Critical Condition: Planet Earth III

Here’s what British critics said about the latest Sir David Attenborough spectacular, Planet Earth III, which launches today on TVNZ 1 and TVNZ+ (or to binge it in 4K, import the UK UHD disc):

“The third entry in a trilogy is often where the wheels come off. You only have to think back to the underwhelming The Godfather Part III. Or Return of the Jedi … But this eye-poppingly beautiful natural history series also proves that sometimes the third time can be the charm. It packs the sort of dazzling visual punch of which Hollywood could only dream, with languid overhead shots of flapping flamingos and their young who struggle to survive in the freezing rain.” — The Daily Telegraph.

“Recent reports revealed that the film crew for Planet Earth III broke their golden ‘non-intervention’ rule to rescue trapped turtles and sea lions while filming its new series. Good for them. Who wouldn’t help a suffering creature? … I do understand why film crews wouldn’t intervene on a kill. One saved zebra equals lion cubs unfed — the food chain must do its work (although I don’t necessarily want to watch it, thank you). But rescuing a sea lion from man-made fishing nets as reportedly happens later in the series? It’s the least we can do for polluting the planet.” — The Times.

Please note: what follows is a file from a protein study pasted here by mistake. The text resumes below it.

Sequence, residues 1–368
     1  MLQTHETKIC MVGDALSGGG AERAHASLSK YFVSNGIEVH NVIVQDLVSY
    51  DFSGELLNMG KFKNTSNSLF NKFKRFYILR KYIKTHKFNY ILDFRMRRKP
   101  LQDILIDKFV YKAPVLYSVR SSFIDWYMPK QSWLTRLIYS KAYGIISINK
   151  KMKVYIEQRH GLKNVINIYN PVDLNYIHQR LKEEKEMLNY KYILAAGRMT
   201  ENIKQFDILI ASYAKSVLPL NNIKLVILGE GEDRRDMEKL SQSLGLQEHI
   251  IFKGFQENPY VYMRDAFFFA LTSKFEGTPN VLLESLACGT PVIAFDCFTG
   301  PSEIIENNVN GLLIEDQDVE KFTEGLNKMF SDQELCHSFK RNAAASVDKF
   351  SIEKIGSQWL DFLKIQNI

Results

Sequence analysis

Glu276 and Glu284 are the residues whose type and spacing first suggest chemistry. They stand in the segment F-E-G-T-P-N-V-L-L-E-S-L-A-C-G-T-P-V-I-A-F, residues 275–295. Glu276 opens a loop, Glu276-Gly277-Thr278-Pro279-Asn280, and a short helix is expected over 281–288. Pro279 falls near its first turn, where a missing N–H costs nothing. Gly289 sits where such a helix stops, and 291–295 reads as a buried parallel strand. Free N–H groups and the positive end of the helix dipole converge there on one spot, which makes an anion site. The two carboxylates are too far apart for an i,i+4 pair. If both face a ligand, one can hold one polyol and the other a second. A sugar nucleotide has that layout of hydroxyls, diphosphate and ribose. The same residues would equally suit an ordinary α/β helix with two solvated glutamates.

“It should be alarming that, in the six years since Planet Earth last appeared on our screens, this third series finds itself in a darker mood. As always, these documentaries narrated by Sir David Attenborough are a testament to the wonders of the natural world. The footage, gathered over five years across 43 countries, is astonishing and awe-inspiring.” — The Guardian.

“At a time when the news reveals the world to be a dark and ugly place, Planet Earth stirringly reminds us of its overwhelming beauty.” — Financial Times.

“This new series’s approach is to ‘see how animals are adapting in extraordinary ways, to survive the new challenges they face’. The eight-parter, which was shot over five years, hasn’t lost any of its scope, transporting audiences to 43 countries. It presents a series of intimate stories and remarkable feats by animals big and small, to portray a sense of the magic of life on our planet – and how close we are to losing it.” — Evening Standard.

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